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Brooklyn Museum’s American Art Reinstallation to Center Black Feminist Perspectives


The cultural sea change at arts institutions has been visible in major and minor ways. But the Brooklyn Museum, which has fostered a strong connection to the diverse community in which it is located, will use its 200th anniversary this fall to make a major forward-looking statement about the role of museums in the 21st century.




“This is a new era for museums and at the Brooklyn Museum we have been working really hard to meet the moment,” said Anne Pasternak, the museum’s director, during a media briefing Thursday at the museum’s restaurant, The Norm.




That will include two landmark exhibits opening Oct. 4, and kicking off the museum’s yearlong anniversary celebration: “The Brooklyn Artists Exhibition” is a major group show highlighting the borough’s artists and curated by a committee that includes artists Jeffrey Gibson, Vik Muniz, Mickalene Thomas and Fred Tomaselli; and a major reinstallation of the museum’s American  Art  galleries foregrounding rethinking of how the American collection will be presented and installed is specifically forefronting Black feminist and BIPOC perspectives and led by Stephanie Sparling Williams, the museum’s Andrew W. Mellon Curator of American  Art .




The museum, which first opened its doors in October 1824, will roll out numerous additional exhibits and initiatives throughout its anniversary year: “Museum on Wheels” (July) is a tricked-out airstream trailer, which will travel to local communities offering experiential art programs; “Solid Gold” (November) explores the role of the most precious metal in art history, fashion and global culture from first-century funerary masks to the metallic hued couture of Dior, Schiaparelli, Ferré and more; “Brooklyn Made” (February 2025) features art and design made in Brooklyn from the 19th century to today.




There also will be an exhibit unveiling recent acquisitions given in honor of the museum’s anniversary. Those works are still under wraps, said Pasternak, but she characterized some of them as “transformative.”




The museum also will present “Nancy Elizabeth Prophet: I Will Not Bend an Inch,” the first major retrospective of the sculptor who, in 1918, became the first person of color to graduate from the Rhode Island School of Design, and went on to work in Paris during the interwar years. The exhibit, which will debut at the RISD Museum, opens at the Brooklyn Museum in March 2025.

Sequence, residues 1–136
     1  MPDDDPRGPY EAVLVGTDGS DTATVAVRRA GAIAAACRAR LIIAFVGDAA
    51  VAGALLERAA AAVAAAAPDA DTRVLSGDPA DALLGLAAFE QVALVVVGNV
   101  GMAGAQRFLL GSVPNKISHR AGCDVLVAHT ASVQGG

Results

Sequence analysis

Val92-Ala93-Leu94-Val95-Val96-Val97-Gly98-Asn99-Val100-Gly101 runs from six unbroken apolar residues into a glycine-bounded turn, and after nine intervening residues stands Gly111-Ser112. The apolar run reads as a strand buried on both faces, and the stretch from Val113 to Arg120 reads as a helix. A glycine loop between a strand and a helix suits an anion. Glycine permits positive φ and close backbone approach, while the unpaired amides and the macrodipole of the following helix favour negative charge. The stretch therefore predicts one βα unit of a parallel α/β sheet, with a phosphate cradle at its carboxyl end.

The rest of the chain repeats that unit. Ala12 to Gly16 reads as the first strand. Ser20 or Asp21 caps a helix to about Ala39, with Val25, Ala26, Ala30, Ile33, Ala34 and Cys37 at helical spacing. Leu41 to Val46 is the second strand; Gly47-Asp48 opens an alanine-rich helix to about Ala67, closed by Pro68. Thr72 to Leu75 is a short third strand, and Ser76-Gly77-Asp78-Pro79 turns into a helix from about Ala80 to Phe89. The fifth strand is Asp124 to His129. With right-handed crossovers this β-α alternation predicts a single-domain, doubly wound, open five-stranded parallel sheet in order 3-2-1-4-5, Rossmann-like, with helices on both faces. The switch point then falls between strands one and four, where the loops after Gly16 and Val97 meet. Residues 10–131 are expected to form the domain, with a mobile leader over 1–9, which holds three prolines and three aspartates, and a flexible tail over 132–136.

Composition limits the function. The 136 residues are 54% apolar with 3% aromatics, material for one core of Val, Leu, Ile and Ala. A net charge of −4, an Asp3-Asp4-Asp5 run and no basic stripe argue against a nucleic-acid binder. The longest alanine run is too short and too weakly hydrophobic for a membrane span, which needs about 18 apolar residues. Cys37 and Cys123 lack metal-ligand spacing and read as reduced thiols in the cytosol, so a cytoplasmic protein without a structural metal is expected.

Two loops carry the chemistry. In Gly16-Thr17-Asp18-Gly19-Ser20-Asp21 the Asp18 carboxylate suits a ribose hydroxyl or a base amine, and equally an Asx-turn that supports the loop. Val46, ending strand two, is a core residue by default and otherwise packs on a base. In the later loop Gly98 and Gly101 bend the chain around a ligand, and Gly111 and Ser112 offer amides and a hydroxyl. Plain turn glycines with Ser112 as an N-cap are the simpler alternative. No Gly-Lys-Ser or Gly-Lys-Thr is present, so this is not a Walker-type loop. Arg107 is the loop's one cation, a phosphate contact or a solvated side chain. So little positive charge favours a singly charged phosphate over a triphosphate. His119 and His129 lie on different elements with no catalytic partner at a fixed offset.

The museum — which has mounted blockbuster fashion exhibits — including  Christian Dior,   Thierry Mugler  and, most recently,  Africa Fashion  — has doubled its attendance and endowment in recent years, Pasternak said. And it has very intentionally used data to chart a course for the future. “Who is coming and why? What do they like? What do they not like?” added Pasternak. “What does it mean to truly serve the viewer?”




It has also used the anniversary to mine its own collection for overlooked pieces; the reinstallation of the American Art galleries, for instance, will include more than 450 works of art and material culture of the Western Hemisphere from 4000 B.C.E. through today, nearly a third of which have never before been installed.




Pasternak also detailed the many less sexy and behind-the-scenes improvements that the museum has undertaken recently including a pollinator garden and honey bee houses on the museum’s roof, a new boiler system, more and actually comfortable seating in galleries (spurred by feedback from visitors), a revamped 9,500-square-foot education center (which opened in January), a redesigned website (coming in July) and a sorely needed new phone system because, as she noted, the old phone system was unsustainable since “the two guys who know how to fix it are now in their late 90s.”




And KP Trueblood, the museum’s president and chief operating officer who was hired in 2021 after a stint in the Obama White House, stressed that the museum’s fundraising efforts also have gone toward prioritized hiring (the museum’s staff is comparatively small with 300 full-time employees) and paying competitive salaries, “so you don’t have to have a trust fund to come work at a museum.”

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